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Andrew, great post I have been chomping at the bit to start using Linq in a detached N-Tier but have simply come up against the "this is totally jury rigged" block that so many people have regarding attaching. Some questions (I started here by writing two then had to go back as my curiosity just didn't stop).

1. In your method, I assume you are still using the timestamp method on your tables to retain optimistic conc. no?

2. I have tried to find it, but did ScottGu ever end up posting on this whole attach issue on his blog like he said he was going to?

3. What do you think of Rick Stahl's assertion that even with all these problems figured out the Linq n-tier pattern is still 3x slower than even typed datasets due to the inherent reflection in Linq entities?

4. Where are you doing your link up of objects on Foreign keys? Are you adding properties to the DBML file and then filling the props, doing multiple queries in your presentation layer, or some other way that I am not thinking of?

5. With all these issues, is Linq even worth it?
Left by JasonJ on Feb 08, 2008 6:04 PM

# re: LINQ to SQL - Implementing the Repository pattern
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1) Yes, I am using a timestamp column in all of my tables so that I can reattach my objects easily. Oddly enough I just came across a reminder as to how important this was regarding LINQ more than the concurrency issue. For some reason I was losing my timestamp value (or it was showing as null in the SQL that LINQ generated) so LINQ rejected my attempts to update the given object. As part of getting this issue I removed the timestamp column to see if I could possibly move past the issue...as I had the ID of the object that I wanted to update. LINQ complained more about this idea though! So I ended up getting the object and passing my updated values into that object prior to passing it back in to the DataContext. Essentially...the timestamp must be present and must not be null! <GRIN> So in terms of disconnected environments you either need to save the timestamp as you would an objects ID...or save the object...so that you can reconstitute prior to reattaching it. Or re-get the object at the time you want to update it. TIMESTAMP IS VERY IMPORTANT.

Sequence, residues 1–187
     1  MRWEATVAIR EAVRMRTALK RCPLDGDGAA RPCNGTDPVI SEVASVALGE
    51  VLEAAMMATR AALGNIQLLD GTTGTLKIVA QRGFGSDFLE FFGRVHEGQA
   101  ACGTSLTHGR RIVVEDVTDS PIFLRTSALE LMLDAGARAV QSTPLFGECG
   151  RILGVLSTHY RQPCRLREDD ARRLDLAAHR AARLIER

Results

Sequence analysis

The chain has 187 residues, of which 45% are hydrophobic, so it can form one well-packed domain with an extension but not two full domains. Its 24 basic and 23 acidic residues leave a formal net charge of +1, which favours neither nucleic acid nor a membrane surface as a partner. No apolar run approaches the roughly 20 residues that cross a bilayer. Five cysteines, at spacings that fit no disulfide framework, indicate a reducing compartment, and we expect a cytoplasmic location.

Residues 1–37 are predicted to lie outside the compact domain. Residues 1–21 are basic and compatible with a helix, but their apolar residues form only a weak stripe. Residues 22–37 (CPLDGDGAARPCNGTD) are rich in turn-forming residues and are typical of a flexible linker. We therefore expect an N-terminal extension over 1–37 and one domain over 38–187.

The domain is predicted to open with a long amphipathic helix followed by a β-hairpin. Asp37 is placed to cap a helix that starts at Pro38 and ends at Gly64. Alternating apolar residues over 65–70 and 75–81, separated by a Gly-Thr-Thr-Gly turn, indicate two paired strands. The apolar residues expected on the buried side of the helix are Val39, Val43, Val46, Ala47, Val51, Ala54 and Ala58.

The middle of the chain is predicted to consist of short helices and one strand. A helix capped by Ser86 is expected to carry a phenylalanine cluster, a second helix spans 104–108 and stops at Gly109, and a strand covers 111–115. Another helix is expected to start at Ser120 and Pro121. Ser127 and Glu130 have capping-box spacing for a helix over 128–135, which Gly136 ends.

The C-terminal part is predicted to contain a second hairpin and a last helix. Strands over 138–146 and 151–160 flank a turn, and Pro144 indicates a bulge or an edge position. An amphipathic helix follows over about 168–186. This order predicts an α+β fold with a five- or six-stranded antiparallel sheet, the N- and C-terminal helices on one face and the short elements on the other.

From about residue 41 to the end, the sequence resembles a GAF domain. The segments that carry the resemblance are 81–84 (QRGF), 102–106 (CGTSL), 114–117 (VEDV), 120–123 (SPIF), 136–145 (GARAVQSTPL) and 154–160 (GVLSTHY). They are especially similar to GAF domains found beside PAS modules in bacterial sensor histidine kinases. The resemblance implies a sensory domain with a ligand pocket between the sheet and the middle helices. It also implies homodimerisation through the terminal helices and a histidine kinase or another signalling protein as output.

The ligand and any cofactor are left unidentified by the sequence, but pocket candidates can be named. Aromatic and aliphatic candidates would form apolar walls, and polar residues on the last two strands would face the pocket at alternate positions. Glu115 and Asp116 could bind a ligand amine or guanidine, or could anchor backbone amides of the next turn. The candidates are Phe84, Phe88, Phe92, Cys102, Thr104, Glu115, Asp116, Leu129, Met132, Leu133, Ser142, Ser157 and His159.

Left by Andrew Siemer on Feb 08, 2008 7:19 PM

# re: LINQ to SQL - Implementing the Repository pattern
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2) Not sure about that. I have basically gone down the road that every fix I have seen is a hack to something that should have been part of LINQ to SQL prior to being released. However, it wasn't. What I am seeing is that persisting child objects in LINQ based on the relationships that it is aware of in a disconnected environment (tiers...) is just not something that LINQ is yet ready to do! So my fix to that, rather than trying to make a backward hack for it is to just remove all the links in the DBML file and manage the relationships myself. So far this has worked very well! I try to follow the DDD concepts using simple repositories and services (application layer) to assemble and disassemble my objects as needed. While this is in no way what I am used to with NHibernate...LINQ is still easier for persistence. I have yet to write a lick of SQL...which goes a long way in a rapid development project! It is not perfect...but it is better! And far easier to work with than other ORMs...even though it is not yet feature complete.
Left by Andrew Siemer on Feb 08, 2008 7:19 PM

# re: LINQ to SQL - Implementing the Repository pattern
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3) No relationships should remove some of the strain that LINQ has to deal with. On top of that...no matter how the data is brought into the application, most of it can be cached to some degree or another. So if it takes 3 times longer to get data...every now and then...but is 100 times less work to actually build and get running...I will still use it. Also, I am sure that any speed issues will be delt with over time. If you want truely optimized code then you will most likely stick with a single query to return all that you need in the most optimized format. If you need easy to work with and quick time to market...you will work with LINQ or NHibernate. Also...and this is the biggest bonus in my eyes...if you want something that is easily refactored with minimal changes to the system then LINQ is even better than NHibernate! Just depends on your needs...as with most things.
Left by Andrew Siemer on Feb 08, 2008 7:20 PM

# re: LINQ to SQL - Implementing the Repository pattern